Pipeline Velocity: Why it matters and how to measure it

In the Guinness World Records there is the record for the fastest 100 meter hurdles wearing swim fins (Christopher Irmscher, Germany – 14.82 Seconds), fastest mile on spring loaded stilts (Ashrita Furman, USA – 7 minutes 13 seconds), and the fastest 100 meters with a can balanced on head, category—dog (Sweet Pea, Border Collie cross, USA – 2 minutes 55 seconds).

What this should tell you—apart from American dogs are winners—is that there is a lot of competition to be the fastest. We can’t all be Usain Bolt, nor Sweet Pea, but you can aspire to beat Christopher or Ashrita with a little bit of effort.

Within sales, moving plenty of high-value opportunities successfully through the pipeline is a record any sales VP would want. That speed is measured by pipeline velocity, a way for you to see exactly how you are succeeding in getting your prospects from one end of the funnel to the other.

By measuring this, not only will you be able to benchmark and track how well you’re doing, you’ll be able to guide changes to your sales process and coach to build a better, quicker-moving team.

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Measuring Pipeline Velocity

“I am not a speed reader. I am a speed understander.” — Isaac Asimov

First, we need to understand what speed, or velocity, is. Velocity, in the physics sense, is the rate of change of position with respect to time. In math, it looks like this:

If you go 60 miles in one hour, you’ve gone (drum roll please) 60 mph:

Pretty simple. Pipeline velocity takes this idea and applies it to sales:

Here the “position” is your sales position, comprised of:

  • The number of qualified opportunities in your pipeline
  • The overall win rate percentage for your sales team
  • The average deal size for your sales team

The “time” is the average duration of your sales cycle. Here you can see how that works with some numbers. If there are 100 opportunities available and your average win rate and deal size are 30% and $5,000, respectively, then your sales “position” is $150,000.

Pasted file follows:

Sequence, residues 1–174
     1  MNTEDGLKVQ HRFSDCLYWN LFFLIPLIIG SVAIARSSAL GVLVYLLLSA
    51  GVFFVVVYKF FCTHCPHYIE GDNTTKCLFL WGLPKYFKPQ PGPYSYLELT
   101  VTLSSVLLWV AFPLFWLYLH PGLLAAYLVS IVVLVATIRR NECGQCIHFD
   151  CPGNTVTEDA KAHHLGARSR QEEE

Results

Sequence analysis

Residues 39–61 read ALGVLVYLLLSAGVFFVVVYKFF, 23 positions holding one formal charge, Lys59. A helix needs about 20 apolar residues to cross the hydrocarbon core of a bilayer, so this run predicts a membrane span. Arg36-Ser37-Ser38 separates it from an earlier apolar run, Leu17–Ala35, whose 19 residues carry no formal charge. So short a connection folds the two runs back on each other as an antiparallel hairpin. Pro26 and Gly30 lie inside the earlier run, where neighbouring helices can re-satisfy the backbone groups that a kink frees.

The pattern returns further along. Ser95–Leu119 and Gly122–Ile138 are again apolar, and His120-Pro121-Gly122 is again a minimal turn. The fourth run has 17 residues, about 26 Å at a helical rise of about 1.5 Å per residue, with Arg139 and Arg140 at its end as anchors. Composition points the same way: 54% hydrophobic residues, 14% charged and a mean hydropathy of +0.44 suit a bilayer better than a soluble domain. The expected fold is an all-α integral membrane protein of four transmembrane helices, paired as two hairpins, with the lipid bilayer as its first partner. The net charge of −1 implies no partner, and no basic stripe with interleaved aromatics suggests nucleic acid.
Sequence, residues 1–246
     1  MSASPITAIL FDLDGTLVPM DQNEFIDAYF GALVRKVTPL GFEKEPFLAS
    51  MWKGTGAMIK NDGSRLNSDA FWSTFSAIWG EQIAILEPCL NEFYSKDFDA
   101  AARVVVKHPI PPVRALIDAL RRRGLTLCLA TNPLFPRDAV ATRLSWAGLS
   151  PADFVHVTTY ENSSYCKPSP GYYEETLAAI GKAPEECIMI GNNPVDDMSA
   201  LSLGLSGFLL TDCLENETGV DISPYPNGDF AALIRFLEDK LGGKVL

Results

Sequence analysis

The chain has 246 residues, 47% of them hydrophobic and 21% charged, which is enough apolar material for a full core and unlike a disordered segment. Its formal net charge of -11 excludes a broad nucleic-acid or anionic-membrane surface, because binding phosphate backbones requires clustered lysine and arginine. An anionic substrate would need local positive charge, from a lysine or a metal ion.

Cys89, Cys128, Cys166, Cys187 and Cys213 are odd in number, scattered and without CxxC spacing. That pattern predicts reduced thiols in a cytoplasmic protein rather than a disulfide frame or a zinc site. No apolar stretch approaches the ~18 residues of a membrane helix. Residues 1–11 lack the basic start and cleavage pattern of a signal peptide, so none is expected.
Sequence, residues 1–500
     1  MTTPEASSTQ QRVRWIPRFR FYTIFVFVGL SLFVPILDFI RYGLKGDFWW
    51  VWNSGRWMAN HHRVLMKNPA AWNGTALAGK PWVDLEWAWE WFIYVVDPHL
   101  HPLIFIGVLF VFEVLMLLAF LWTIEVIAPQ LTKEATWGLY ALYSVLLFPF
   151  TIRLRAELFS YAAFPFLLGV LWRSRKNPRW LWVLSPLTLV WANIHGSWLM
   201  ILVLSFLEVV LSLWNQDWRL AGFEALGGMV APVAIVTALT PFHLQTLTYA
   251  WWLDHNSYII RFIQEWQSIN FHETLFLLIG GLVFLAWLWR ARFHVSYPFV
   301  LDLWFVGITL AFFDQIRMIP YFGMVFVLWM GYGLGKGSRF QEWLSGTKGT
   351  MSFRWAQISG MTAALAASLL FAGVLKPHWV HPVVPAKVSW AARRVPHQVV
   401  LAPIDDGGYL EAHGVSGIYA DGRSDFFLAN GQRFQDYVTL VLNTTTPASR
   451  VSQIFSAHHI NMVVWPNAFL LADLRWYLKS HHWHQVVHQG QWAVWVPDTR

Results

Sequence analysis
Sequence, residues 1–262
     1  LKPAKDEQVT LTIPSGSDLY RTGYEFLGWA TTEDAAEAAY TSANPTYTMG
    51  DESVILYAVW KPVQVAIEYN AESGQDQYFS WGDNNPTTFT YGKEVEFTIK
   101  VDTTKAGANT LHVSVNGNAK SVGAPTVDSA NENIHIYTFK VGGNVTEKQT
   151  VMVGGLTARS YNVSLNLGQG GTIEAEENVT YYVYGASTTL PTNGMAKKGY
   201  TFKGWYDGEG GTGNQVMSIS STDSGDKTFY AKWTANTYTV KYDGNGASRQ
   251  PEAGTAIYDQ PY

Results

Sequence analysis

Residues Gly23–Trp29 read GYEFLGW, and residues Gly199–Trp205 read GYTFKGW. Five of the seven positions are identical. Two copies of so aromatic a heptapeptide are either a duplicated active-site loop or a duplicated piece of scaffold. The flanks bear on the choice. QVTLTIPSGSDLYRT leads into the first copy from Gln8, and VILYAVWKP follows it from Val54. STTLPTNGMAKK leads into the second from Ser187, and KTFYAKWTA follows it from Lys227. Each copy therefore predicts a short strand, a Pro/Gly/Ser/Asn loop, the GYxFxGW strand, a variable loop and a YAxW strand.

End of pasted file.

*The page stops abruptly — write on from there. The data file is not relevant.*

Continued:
To determine your sales velocity you can divide this position by time taken, in this case a 45-day sales cycle.

Therefore, with these numbers, pipeline velocity = $3,333. This is essentially telling you that every day you have ~$3K coming through your pipeline.

What it doesn’t tell you is if that’s good or bad. Just as you don’t necessarily know a VW Beetle is slow until you put it up against a Tesla, you will not necessarily know whether your velocity is fast or slow until you benchmark against other sales teams.

However, internally you can use this number to track the rate of change of your velocity (effectively your pipeline acceleration) and its high and low points. What should be evident is that a change in any of the composite numbers—opportunities, win rate, deal size, sales cycle—impacts your pipeline velocity.

This is one of the reasons that pipeline velocity is an excellent metric to calculate and track. It combines all of these numbers in one, and you can see if you’re increasing or decreasing your sales speed.

Interactive Pipeline Benchmarks

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How To Increase Your Velocity

“Faster, faster, until the thrill of speed overcomes the fear of death.” — Hunter S. Thompson

Though we don’t recommend increasing your pipeline velocity until you no longer have a fear of death, everyone wants a faster pipeline—more valuable, won opportunities through the pipeline, in a quicker time.

More revenue, less time.

To do so, you have those 4 variables to play with. To increase overall velocity, the numerators—opportunities, win rate, deal size—have to increase, or the denominator—sales cycle length—has to decrease. Or, ideally, both!

Let’s look at how you can change each of these numbers for the better, through both a more efficient sales process, and better sales coaching of your team.

Increasing Opportunities – Know Your Conversion Rates By Stage

The number inputted into your pipeline velocity treats all open opportunities the same, no matter whether they are fresh or just about to close. This aggregated number is good for a headline view, but not actionable. For that, you have to break the number back down into your distinct funnel stages and look for where opportunities are stalling.

If there is a particular stage where you are losing the most opportunities, then that is where you need to put the work first. In the above case, there is significant loss between the evaluation stage and the buying process stage (44% loss). What is happening there that is causing so many prospects to try out your product, but not want to go any further? This could be:

  • a process problem—the need wasn’t identified in the qualification stage, and when they evaluated the product, the potential customers couldn’t see value. By defining exactly how each prospect should be qualified as early as possible, you can increase the conversion rates between stages.
  • a coaching problem—the sales reps weren’t able to show the value of the product to the prospect, even when there was a need. In this case, individual reps can be better coached in the demo and trial phases, to show prospects the core value of your product.